While this method might not yet have conclusive research to say, “yes, this is the best way for women to exercise,” the concept makes sense and science is beginning to move the needle toward an answer.
“Concentrations of sex hormones do change and fluctuate across the menstrual cycle and this may have an impact on exercise performance; however, there is no substantial evidence on exactly how this impacts the workouts done in accordance with a phase in the menstrual cycle,” says Jessica Shepherd, M.D., an ob-gyn, women’s health expert, and founder of Sanctum Wellness in Dallas, Texas. “Happily, there are more studies being devoted to this, and this will hopefully shed light on changes needed to adjust workouts appropriately.”
Still, the benefits of getting regular physical activity at all times of the month are well-documented by research, and we think worth the effort:
- Longer lifespan
- Lower risk of heart disease, heart attack, stroke, type 2 diabetes and some cancers
- Promotes healthy blood pressure, cholesterol, circulation, healthy weight maintenance
- Supports cognitive function and reduces risk for brain diseases like Alzheimer’s
- Stabilizes blood sugar levels
- Supports hormonal regulation and production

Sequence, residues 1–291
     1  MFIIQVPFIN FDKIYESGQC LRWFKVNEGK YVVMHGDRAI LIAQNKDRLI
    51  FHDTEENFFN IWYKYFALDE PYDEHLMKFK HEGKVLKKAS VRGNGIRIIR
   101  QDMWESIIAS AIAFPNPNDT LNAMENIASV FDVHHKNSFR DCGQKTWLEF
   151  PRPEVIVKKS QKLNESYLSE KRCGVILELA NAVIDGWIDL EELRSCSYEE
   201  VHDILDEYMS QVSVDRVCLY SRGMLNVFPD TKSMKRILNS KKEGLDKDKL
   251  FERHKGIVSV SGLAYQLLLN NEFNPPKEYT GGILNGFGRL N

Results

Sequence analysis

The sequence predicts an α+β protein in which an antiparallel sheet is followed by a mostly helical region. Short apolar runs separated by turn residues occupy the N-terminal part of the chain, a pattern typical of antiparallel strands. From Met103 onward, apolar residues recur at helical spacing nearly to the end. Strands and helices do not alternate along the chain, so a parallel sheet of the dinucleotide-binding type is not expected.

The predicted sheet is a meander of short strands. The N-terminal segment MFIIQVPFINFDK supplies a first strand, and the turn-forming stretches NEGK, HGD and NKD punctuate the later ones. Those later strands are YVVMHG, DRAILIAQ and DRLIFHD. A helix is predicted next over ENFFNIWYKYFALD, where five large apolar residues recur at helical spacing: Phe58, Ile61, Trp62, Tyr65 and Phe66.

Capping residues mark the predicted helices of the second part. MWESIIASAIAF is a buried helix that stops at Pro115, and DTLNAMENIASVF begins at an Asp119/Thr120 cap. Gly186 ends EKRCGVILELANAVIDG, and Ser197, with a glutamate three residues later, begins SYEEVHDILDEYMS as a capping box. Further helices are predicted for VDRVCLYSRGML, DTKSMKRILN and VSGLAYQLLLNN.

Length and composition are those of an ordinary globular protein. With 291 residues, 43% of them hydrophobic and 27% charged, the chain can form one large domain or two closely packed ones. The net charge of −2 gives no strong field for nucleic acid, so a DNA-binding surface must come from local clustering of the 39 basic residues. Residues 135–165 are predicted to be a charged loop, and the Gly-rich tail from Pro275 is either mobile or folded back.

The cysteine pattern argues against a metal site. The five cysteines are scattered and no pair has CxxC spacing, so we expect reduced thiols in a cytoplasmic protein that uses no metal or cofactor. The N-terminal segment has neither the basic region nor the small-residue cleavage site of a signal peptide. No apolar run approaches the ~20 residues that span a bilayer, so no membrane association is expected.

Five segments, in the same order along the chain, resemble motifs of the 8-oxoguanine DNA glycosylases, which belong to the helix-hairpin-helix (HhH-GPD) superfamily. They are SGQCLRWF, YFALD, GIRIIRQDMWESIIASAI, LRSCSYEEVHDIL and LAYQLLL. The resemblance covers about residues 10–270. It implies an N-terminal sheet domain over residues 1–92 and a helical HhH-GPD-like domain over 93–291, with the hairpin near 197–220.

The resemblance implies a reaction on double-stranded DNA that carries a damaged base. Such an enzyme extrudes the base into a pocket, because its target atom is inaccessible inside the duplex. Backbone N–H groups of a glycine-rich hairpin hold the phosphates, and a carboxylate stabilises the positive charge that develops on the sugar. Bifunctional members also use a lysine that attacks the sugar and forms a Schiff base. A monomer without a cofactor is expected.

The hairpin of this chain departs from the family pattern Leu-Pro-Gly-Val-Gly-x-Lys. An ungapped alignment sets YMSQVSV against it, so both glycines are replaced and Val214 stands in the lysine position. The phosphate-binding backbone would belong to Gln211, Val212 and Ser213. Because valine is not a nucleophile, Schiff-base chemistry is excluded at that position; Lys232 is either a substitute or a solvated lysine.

- Helps maintain muscle mass and bone density
- Plays a role in mood regulation, stress reduction and reducing anxiety and depression
- Aids in balance and coordination
- Supports healthy lifestyle habits such as getting good quality sleep
Cycle syncing workouts and tips
Thoroughly curious? Follow this guide to give cycle syncing a try.
Match your workouts to each phase
“At each hormonal phase you will experience varying levels of energy, strength and endurance. Aligning your fitness routine with your cycle allows you to do daily check ins, and understand when you should push yourself and when to give yourself a day to recover,” Garcia-Baab explains. Nobody’s cycle is exactly the same, but using a calendar or smartphone app to track may help you guess when you’re in each phase.